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The St. John's University Academic Computing Initiative
St. John's University
New York, NY

Year: 2004
Status: Laureate
Category: Education & Academia
Nominating Company: Cisco Systems

The combination of high-end laptops for every student and ubiquitous wireless networking across three campuses provides challenging education for students at all levels and increases student/faculty interaction.
St. John's University is one of America's leading Catholic universitiesórecognized for its outstanding academic programs, rich student life, vibrant diversity and Big East vitality. Founded in 1870 by the Vincentian Community, St. John's has distinguished itself by helping students gain the knowledge and skills they need to serve others and achieve lasting successópersonally, professionally and spiritually.

St. Johnís was founded with a very specific missionóprovide access to a high quality education for the underserved regardless of race, gender, ethnicity, religion or economic status. Starting with serving the children of the immigrant population in the 1800s to providing the Jewish community with a place to study law, to presenting the 2003 incoming freshmen with a state of the art technology structure, St. Johnís continues to provide people with the necessary tools to get a leading education and better themselves.

St. Johnís is driven by a passion for academic excellence and guided by a simple truth: higher education is about more than getting a job; itís about learning to make a difference in the world. A St. Johnís education is grounded by a comprehensive core of critical thinking and skill building enhanced by technology and linked to contemporary social challenges. Whatís more, students are actively involved in volunteering, mentoring and academic service-learning programs that extend across the entire St. Johnís campus network and around the world.

In 2003, in keeping with its mission, St. Johnís University launched the Academic Computing Initiative (ACI), a broad-reaching program to put leading-edge technology ubiquitously into the hands of students and the faculty that teaches them. The ACIís primary goal is to give all students, irrespective of their background and prior experience with computers, equal opportunity to use leading edge technology in their everyday activities. In addition, the ACI enhances the academic experience, both by providing additional teaching options in and out of the classroom and by allowing students working anywhere to have access to the extensive options of the web and the Universityís on-line resources.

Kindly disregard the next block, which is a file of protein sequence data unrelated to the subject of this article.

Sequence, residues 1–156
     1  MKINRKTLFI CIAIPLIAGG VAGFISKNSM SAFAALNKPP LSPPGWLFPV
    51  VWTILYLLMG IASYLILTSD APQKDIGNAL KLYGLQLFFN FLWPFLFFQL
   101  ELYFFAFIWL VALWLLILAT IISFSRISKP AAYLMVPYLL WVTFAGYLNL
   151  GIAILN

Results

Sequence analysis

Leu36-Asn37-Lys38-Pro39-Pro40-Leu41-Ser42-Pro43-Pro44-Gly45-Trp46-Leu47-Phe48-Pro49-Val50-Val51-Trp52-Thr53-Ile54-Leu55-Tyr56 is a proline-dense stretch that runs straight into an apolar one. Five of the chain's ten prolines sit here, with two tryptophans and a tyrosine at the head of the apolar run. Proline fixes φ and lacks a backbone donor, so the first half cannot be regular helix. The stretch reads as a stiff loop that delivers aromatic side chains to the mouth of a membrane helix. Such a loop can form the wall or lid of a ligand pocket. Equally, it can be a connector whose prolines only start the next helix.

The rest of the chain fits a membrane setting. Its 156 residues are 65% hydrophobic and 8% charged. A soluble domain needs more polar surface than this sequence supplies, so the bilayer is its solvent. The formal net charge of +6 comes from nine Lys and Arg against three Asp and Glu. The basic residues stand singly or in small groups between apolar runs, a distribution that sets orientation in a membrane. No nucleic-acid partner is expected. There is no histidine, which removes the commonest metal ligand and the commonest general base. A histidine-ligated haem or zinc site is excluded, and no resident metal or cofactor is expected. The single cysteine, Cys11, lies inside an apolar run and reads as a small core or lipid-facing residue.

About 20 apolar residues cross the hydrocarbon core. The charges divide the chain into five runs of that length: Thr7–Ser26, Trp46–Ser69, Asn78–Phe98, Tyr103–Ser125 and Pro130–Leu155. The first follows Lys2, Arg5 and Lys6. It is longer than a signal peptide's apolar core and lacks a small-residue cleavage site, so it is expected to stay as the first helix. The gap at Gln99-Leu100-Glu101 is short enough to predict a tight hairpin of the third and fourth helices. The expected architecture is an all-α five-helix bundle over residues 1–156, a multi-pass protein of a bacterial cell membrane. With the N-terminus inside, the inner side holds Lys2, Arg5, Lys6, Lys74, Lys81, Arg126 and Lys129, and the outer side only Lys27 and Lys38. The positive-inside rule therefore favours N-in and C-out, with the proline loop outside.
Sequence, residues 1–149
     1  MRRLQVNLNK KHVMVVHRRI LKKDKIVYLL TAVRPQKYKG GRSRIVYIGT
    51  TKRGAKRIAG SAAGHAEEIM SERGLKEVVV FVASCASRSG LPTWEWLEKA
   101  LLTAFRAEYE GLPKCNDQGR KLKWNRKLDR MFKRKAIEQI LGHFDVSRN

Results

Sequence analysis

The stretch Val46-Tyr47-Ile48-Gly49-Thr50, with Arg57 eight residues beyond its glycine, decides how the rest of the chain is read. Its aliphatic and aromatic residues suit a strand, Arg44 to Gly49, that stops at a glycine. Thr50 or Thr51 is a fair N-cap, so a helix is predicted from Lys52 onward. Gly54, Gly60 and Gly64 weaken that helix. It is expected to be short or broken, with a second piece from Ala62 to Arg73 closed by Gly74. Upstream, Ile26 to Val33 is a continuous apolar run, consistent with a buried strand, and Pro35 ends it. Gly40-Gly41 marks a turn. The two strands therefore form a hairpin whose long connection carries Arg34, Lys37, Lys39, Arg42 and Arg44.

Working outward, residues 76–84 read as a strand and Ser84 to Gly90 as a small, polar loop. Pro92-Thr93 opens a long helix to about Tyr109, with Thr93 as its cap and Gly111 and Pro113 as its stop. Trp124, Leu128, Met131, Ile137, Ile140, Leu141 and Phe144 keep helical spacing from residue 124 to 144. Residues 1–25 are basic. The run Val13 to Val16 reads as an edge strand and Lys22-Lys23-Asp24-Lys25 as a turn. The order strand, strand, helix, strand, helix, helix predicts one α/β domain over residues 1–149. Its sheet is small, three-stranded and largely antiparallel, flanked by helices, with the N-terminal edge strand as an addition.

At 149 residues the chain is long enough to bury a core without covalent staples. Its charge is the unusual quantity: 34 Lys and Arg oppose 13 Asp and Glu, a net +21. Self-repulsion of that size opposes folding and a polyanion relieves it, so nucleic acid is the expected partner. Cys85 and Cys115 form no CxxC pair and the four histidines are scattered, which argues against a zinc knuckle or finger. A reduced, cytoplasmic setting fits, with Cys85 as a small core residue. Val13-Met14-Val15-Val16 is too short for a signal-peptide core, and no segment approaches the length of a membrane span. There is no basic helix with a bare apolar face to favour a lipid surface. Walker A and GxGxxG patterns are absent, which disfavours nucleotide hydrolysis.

The 2003 St. Johnís Academic Computing Initiative program consists of:

* A laptop computer
óEvery incoming freshman (approximately 3,000 in 2003) received an IBM ThinkPad computer powered by Intel Centrino technology, running Microsoft XP Professional and Office XP. The laptop remains University property until the student graduates, at which point the student keeps the machine and software. High-end laptops were selected to ensure that they would continue to be useful over the studentís four-year career at the University. About 400 faculty members also received laptops at full-day "Faculty Institute" seminars in which ideas were shared about how to use technology to further enhance the academic experience of the students in/outside the classroom.

* A wireless network
óSt. Johnís installed a Cisco Aironet wireless network on three of its five campuses ó Queens, Staten Island, and Manhattan. (In 2004, the University will extend wireless to their other two locations -- Oakdale, NY and Rome, Italy.) The network is designed to cover all areas of the campuses including lounges, cafeterias, public spaces, libraries and academic buildings as well as remote areas like parking lots and garages to support Public Safety initiatives. All University-issued laptops can use the network. In addition, upperclassmen who have their own laptops or who purchased laptops through St. Johnís are encouraged to register their machines on the network.

* St. Johnís Central
óSt. Johnís Central is the Universityís implementation of SCTís Campus Pipeline portal. Every student can use this student/faculty portal, which provides web-based access to a wide array of academic and administrative services, as well as personal tools like e-mail and calendaring. The portal enables students to use resources at any time from any Internet location. This enhances the student experience, but also improves back-office efficiency by making transactions, such as course registration, self-service. The portal also opens ongoing, real-time communication between students and faculty with e-mail and chat groups. As Dr. Jay Zimmerman, Associate Professor of Biological Sciences says, "If the answers are easier to obtain, students tend to ask more questions."

* A Comprehensive Training Program
óTraining and ongoing support are critical to unifying all components of the St. Johnís ACI. Every user received training sessions covering issues ranging from powering on to backing up data. Each laptop was loaded with a customized version of "Access IBM", a tool that provides on-board help about the laptop and University systems. St. Johnís also opened support centers on two of its five locations, to which users can bring their laptops for support or warranty repair.